Singaporean duo jailed for illegal gambling operation 

By William Brown Updated
Singaporean duo jailed for illegal gambling operation 

A Singaporean father-son duo have been jailed for operating an illegal gambling business in the city-state.

Calvin Ayre reports Ow Choon Bok, 44 and Ow Gowan Hock, 73 were the masterminds behind a transnational gambling outfit that booked wagers on Singapore Pools lotteries and were arrested last April.

The pair admitted to the scheme and while it is not known each how much their enterprise made, it was determined they made around $670,500 in a six-month period in 2016.

Extrapolating for the entirety of the scheme, it’s possible they could have made about $10 million between 2009 to 2016.

The duo offered their services to anyone willing to take part and launched a website to help drum up business.

They were accepting bets on public lotteries in Singapore.

The son was responsible for managing staff, wagers and payouts, at one point even allowing a criminal syndicate to use the platform to run their own illegal gambling operations.

He was sentenced to five years in prison for his illegal activities.

The father is said to have assisted his son in running the illegal site and used his personal bank accounts as repositories for some of the cash received for the bets.

He will serve three and a half years in prison.

While this was Choon Bok’s first offence, his father reportedly has a rap sheet for illegal gambling that dates back to the 1970s and has had to pay multiple fines over the years for his activity.

Choon Bok was ordered to pay a fine of $376,800, while his father will need to pay $226,080.

If they are unable to come up with the money, they will need to make it up by the way of jail time, with the son spending another 10 months in prison and the father another six months.

The fines are much lower than the $1.05 million the prosecution was seeking.

Sydney man kidnapped child in attempt to recover gambling debt sentenced to jail

A Gold Coast child was kidnapped to recover a Sydney man’s $5.5 million gambling debt, the Southport District Court has heard.

The ABC reported in October that Zhen Jie Zhang, 55, has been sentenced to seven years’ jail after admitting he acted irrationally and said he wanted to formally apologise to his young victim, whose head he tied to a chair in 2018.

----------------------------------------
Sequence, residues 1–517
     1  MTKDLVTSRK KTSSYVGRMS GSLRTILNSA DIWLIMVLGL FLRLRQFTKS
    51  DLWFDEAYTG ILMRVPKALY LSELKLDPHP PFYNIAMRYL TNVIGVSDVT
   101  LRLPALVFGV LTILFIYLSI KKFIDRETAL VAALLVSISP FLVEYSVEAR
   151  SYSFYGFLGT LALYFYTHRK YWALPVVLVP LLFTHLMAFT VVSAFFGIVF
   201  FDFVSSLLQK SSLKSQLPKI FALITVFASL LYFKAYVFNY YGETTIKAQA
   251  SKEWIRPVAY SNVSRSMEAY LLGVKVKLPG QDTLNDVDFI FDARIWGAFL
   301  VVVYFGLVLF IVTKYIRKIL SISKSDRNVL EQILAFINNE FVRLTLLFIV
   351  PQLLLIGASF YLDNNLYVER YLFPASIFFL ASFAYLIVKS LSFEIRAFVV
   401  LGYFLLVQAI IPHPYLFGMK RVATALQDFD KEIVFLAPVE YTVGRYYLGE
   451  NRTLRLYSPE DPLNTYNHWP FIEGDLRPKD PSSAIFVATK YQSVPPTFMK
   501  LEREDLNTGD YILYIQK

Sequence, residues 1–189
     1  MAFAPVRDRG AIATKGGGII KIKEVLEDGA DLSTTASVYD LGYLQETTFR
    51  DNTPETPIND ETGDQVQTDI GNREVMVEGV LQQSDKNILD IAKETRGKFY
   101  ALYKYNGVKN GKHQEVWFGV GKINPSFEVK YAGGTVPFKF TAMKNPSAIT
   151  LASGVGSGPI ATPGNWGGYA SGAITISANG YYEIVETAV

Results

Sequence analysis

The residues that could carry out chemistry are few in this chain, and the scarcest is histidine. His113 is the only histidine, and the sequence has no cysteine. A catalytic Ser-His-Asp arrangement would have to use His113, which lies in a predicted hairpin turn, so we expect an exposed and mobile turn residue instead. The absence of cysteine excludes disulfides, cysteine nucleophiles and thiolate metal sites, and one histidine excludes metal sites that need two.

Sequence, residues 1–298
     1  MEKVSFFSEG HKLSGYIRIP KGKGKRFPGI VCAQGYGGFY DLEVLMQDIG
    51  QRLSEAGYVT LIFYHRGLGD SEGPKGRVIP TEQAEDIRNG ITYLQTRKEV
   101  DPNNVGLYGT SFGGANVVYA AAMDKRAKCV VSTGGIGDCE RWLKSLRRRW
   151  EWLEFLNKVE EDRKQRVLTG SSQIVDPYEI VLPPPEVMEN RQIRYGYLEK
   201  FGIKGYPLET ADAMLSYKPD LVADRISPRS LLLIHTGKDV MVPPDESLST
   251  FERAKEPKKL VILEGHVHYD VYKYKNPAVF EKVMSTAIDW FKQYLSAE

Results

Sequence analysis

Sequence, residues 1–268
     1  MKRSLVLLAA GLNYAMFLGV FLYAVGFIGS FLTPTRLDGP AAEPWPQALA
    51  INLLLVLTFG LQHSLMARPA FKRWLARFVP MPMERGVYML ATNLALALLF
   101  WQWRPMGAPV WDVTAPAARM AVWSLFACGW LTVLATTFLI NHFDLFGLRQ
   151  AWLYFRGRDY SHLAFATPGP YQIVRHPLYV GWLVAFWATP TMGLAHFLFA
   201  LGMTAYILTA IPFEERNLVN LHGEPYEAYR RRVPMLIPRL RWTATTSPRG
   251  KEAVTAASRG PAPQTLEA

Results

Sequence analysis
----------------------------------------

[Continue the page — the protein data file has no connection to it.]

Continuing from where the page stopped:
“I want to say I’m deeply sorry,” Zhang said through an interpreter.

“If you feel afraid please forgive me for that” your father was acting terribly and owed me a substantial amount of money.

“I felt I had no other option.”

The boy, who was 12 years old at the time, was snatched from outside his house in May 2018 as he walked home from Somerset College at Mudgeeraba.

He was bundled into a car and driven across the Queensland and New South Wales border, with an amber alert issued and the boy found 240 kilometres away in Grafton.

At the time, detectives said the boy was treated for scratches “consistent with being bound”.

Prosecutor Matt Hynes told the court the boy had a mask placed over his head and had been given water only twice during his 16 hours of captivity.

The boy also made three attempts to escape.

“On the first attempt, his ankles were tied; the second, a towel was placed in his mouth; the third, his head was tied to a chair with the rope around his neck,” Mr Hynes said.

The court heard Zhang and the boy’s father met in 2010 and gambled together.

The boy’s father had borrowed money from Zhang and also owed a substantial amount to casinos.

Mr Hynes said Zhang had set about extorting the boy’s family over a period of three and a half months, including sending threatening texts with the words: “Watch out…wait for pick up the body.”

In a victim impact statement, the young boy’s mother said her son went from being a happy-go-lucky boy to a child who was “sad, frightened and miserable.”

“She observes that when dark cars go near the house, he hides under tables,” Mr Hynes said.

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